Designed by planning consultant Peter Wyss, the 125-metre-long walkway is one of the world’s longest curved suspension bridges, and is located at the peak of Gunung Mat Chinchang on Pulau Langkawi island.
A total of just eight steel cables support the structure, extending out from a single 82-metre-high pylon.
The pedestrian deck curves around this pylon. At each end, the walkway widens to create a triangular platform offering visitors panoramic views out across the treetops.
At present, the only feasible way to reach the bridge is to ride a cable car up the mountain, then take a 20-minute uphill trek through the jungle. But a cable railway is under construction to make it more accessible.
The remoteness of its location also proved a challenge during construction. Each component had to assembled elsewhere and airlifted to the site by helicopter.
The bridge opened in 2004, although it was closed between 2012 and early 2015 for maintenance. It reopened in February and can now support the weight of up to 250 people at a time.
In the spirit of an advent calendar, Dezeen is counting down the days until Christmas with an A to Z of iconic contemporary bridges. See all the bridges in our A-Zdvent calendar so far »
Images courtesy of Shutterstock.
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The building was designed by de Portzamparc for a corner plot in the luxury Gangnam shopping district, and also includes a gallery and cafe. It stands on the thoroughfare as the Leong Leong-designed 3.1 Phillip Lim store, and nearby the Paul Smith and Acne branches.
The sculptural white fibreglass panels, each measuring 20 metres tall, gently undulate in an attempt to depict the fluid movement of clothing created in Dior’s Haute Couture Atelier in Paris.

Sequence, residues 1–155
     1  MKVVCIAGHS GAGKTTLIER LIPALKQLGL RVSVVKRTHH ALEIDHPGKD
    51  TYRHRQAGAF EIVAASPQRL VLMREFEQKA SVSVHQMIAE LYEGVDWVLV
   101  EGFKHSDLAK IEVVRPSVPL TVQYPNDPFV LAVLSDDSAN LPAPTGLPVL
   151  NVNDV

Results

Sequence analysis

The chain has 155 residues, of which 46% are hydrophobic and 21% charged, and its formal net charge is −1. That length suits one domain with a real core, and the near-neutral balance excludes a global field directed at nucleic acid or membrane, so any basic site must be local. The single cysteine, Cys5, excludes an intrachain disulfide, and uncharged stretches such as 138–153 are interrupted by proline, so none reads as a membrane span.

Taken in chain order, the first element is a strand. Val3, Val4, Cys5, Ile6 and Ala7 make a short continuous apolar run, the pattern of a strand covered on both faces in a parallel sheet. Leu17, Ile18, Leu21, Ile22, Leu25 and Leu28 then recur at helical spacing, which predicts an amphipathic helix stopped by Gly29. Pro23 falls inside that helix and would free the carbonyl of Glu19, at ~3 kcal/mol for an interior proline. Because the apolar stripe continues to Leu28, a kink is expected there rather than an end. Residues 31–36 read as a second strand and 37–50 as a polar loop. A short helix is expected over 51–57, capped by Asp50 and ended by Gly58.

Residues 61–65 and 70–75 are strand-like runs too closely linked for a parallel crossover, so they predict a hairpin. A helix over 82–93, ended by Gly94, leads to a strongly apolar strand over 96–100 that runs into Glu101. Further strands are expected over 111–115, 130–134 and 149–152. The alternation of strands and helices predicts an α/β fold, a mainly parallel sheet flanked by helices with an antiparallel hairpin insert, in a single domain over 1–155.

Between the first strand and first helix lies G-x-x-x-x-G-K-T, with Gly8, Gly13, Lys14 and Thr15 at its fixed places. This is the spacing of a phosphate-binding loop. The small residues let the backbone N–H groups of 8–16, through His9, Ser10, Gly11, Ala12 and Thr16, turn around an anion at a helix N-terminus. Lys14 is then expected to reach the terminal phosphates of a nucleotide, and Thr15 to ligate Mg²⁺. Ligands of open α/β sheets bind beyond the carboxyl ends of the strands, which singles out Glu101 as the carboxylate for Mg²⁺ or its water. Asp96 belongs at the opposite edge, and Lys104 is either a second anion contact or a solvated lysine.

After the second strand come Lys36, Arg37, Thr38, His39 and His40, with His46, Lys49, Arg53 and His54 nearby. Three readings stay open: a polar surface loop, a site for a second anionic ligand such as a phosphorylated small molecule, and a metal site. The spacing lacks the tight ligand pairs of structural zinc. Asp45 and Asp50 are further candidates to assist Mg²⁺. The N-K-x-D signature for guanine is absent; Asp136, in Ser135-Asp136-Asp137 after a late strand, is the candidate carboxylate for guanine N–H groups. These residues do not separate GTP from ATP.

Some panels curl around the side of the building, while others part over the entrance to create an arched opening to the six-storey store, which sells both Dior mens and womenswear lines as well as accessories.
“I wanted the building to represent Dior and to reflect Christian Dior’s work. So I wanted the surfaces to flow, like the couturier’s soft, woven white cotton fabric,” explained de Portzamparc.
“These surfaces, which soar into the sky and undulate as if in motion, crossed by a few lines, are made from long moulded fibreglass shells, fitted together with aircraft precision.”
“In Seoul, where the quadrangular buildings align with the avenue, and which are all occupied by leading international fashion labels, the building stands out like a large sculptural tribute to Dior, inviting everyone to step inside.”
The panels were formed over giant wooden moulds and laid over a metal framework to create the shopfront. An inner layer of perforated anodised aluminium panels overlap above the glass doorway, creating an arched opening.
“The entrance, where two shells come together, is a sort of modern lancet arch, in which two metal mesh surfaces cross in line with the clothing metaphor,” said the architect.
A glazed cafe serving typically French fare in the form of macarons and pastries by confectionist Pierre Hermé is concealed behind wavy fibreglass balustrades at the top of the six-storey building.
Peter Marino designed the interior, which features monochrome tiled floors, mirrored walls and fabric draped candlers.
Slivers of glass inserted in the joins between panels help to naturally light the shop floors. The luxuriously glossy interiors are paired with contemporary artwork and furnishings, including Innerblow glass benches by Japanese design brand Nendo.
Private appointments can be held in the VIP Lounge and Gallery on the third floor, which has a reception area decorated with drawings by Austrian artist Lucas Zallmann and a sculpture by Carmelo Tedeschi.
To mark the opening of its new boutique in Asia, Dior launched the Limited Edition range of handbags and accessories to be sold exclusively in Korea.
Photography is courtesy of House of Dior Seoul.
Local architect/project manager: DPJ & Partners
Fibreglass facade development: DPJ & Partners, Architecture Design Base
Structural engineer: CS Structural Engineering
GFRP facade quality control: Bureau Veritas
Lighting designer: L’Observatoire International
Main contractor: Kolon Global Corporation
GFRP facade sub-contractor: Design Base
Metal facade and curtain wall sub-contractor: Iljin Unisco
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